Many of you have donated items to display, and many of you have given money for the Historical Village. Thank you. Our next steps in the Schopf House will be to add wainscoting and interior wood trim on windows and doors. We are short about $2000 to do this, so small or large gifts will be helpful. We hope to begin furnishing the downstairs this fall, so we can begin interpreting the immigrant Lautenbach family that first built the log house. The next need for the village Maintenance Fund is to paint the front end of the Vignes School, which is too high for our volunteer painters. The Village Committee is grateful that every elected member of the Board of the Historical Society has offered their financial support. We hope that more members of the Society will join this effort.
Notes from the Curator…
As fall peeks out from around the corner, I am taking a minute to review the last few months at Eagle Bluff. It seems as though we just opened for the season! We are experiencing a wonderful year and it is due in large part to the excellence of my staff. Following their initial training, I encouraged each of them to personalize the basic tour, highlight some bit of lighthouse history.
And I followed my own advice. As a historian, the role of the woman in keeping the light burning intrigued me. Married to men dedicated to the sea, its capriciousness and unpredictability a constant challenge, these women learned to survive loneliness and unimaginable hardship in lighthouses from Maine to California, Florida to Washington.
They raised their children alone while their husbands manned the light on isolated stony cliffs. Gathering their skirts about them, the women carried kerosene up winding stairs to their men waiting in the glow of the lamp. Cooking over a wood-burning stove, the wives and mothers worked long into the night as their men-folk scanned the horizon for ships in harms-way.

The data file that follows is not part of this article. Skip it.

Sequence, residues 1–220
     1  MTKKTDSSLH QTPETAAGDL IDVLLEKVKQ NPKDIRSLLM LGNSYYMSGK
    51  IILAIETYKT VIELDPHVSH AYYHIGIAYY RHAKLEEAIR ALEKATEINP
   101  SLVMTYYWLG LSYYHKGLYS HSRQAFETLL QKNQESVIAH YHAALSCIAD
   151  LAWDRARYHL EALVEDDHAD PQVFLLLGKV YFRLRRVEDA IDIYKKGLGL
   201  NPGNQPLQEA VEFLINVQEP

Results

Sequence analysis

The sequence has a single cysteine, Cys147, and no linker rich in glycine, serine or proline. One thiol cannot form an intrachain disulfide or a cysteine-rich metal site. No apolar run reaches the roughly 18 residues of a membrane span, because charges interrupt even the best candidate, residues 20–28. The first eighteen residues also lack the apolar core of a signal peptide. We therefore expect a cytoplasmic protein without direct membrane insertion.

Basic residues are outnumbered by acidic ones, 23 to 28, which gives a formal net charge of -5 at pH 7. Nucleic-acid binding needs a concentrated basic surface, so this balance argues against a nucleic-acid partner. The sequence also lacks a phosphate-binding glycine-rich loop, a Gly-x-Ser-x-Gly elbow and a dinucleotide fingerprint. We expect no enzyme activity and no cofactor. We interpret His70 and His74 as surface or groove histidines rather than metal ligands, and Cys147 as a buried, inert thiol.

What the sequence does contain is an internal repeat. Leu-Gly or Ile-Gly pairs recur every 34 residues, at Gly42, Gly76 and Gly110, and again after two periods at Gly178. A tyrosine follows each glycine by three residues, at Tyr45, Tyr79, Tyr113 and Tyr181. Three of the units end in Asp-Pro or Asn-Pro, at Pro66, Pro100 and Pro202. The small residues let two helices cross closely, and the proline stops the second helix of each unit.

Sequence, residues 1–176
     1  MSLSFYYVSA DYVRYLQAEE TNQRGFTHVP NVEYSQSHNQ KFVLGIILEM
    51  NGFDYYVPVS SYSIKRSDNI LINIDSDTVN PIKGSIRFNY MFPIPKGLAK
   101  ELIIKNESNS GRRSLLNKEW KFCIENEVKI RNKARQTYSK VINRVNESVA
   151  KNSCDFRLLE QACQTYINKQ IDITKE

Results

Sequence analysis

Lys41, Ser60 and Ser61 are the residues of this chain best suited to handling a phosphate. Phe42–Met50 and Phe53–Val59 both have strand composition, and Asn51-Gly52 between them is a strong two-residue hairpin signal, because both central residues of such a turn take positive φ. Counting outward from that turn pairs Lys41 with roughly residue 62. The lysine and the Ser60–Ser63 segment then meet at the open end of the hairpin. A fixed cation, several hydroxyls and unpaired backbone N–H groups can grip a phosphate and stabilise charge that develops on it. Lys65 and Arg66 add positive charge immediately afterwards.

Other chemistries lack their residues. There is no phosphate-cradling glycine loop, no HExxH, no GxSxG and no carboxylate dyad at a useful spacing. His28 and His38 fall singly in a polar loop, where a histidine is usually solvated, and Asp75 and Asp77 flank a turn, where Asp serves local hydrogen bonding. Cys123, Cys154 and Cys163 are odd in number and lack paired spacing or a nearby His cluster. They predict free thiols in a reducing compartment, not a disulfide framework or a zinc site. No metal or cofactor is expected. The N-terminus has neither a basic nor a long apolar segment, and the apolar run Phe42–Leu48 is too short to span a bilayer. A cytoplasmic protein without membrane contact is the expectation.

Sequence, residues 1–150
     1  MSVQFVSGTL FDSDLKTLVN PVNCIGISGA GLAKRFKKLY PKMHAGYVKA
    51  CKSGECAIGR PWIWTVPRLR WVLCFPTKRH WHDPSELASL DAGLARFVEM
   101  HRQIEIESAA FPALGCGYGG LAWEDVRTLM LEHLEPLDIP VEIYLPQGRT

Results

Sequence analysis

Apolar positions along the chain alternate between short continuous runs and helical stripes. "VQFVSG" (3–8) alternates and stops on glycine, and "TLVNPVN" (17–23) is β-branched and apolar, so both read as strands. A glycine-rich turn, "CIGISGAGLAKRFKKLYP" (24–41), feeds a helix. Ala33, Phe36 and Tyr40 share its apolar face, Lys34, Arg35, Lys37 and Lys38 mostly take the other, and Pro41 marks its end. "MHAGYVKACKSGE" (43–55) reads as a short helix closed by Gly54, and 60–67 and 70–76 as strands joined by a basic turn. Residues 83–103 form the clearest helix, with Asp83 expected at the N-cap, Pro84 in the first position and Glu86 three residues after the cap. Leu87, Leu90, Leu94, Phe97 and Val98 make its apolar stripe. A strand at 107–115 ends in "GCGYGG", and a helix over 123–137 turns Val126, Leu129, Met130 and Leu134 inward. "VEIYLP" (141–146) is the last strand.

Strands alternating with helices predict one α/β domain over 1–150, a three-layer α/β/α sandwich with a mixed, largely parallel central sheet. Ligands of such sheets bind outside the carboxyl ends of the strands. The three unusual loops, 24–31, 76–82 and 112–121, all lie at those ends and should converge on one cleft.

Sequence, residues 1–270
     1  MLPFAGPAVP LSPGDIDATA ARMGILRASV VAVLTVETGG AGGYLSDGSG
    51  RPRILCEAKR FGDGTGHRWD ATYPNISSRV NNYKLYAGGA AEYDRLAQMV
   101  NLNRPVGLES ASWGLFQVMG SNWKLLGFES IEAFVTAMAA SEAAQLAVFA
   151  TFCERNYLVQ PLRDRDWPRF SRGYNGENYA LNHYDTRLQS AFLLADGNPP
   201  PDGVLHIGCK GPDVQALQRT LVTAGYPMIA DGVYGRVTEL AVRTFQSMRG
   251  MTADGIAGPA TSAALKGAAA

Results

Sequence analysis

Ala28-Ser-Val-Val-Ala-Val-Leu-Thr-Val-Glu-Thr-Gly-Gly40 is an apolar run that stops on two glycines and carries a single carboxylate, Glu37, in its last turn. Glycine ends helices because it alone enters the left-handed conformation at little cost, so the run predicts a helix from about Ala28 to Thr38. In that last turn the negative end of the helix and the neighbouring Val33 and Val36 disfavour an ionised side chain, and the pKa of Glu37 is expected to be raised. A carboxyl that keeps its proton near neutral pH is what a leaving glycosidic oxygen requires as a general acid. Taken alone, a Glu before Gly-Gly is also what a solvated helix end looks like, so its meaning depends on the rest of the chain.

Oft times, when a keeper was disabled or passed while in service, their wife was appointed as replacement. Mary Terry, the wife of Sand Point Lighthouse’s first keeper, served for 18 years following the death of her husband John. The victim of consumption, John passed before the lighthouse construction was complete. Located on the shores of Lake Michigan, the Escanaba lighthouse was first operational the same year as Eagle Bluff Lighthouse, 1868.
According to an article in the Escanaba newspaper Iron Port, Mary “was a very methodical woman, very careful in the discharge of her duties and very particular in the care of the property under her charge.” And that quote lends suspicion to the manner in which Mary died in 1886. A fire swept the lighthouse; evidence indicated a forced door lock. The Iron Port reported the coroner’s jury ruling that Mary “came to her death from causes and by means unknown.”
One of the first women keepers on the Great Lakes, Mary served valiantly. Well-known for her factiousness, the town’s populace believed foul play in her death. The case was closed, however, in the absence of any other information.
The Sand Point Lighthouse was deactivated in 1939, its fourth order lenses extinguished. A simple lighthouse, relatively small, one of its interesting structural features is the placement of its tower, which strangely faces away from the water, possibly an error. The lamp, first ignited on May 13, 1868, was a fixed red light. Eight lighthouse keepers and their families maintained the lamp until the US Coast Guard took command of all lighthouses in 1939. It was that year that the Lighthouse Service was transferred to the jurisdiction of the Guard.
As we guide visitors through their Eagle Bluff tour, we emphasize two important facts. First of all, lighthouses are very unique to their location. No two lighthouses are the same. Secondly, lighthouses are Federal property and the keeper is a Federal employee. Each lighthouse tells its own story…and each story is one of courage, bravery, and dedication.
Patti Podgers, Curator/Manager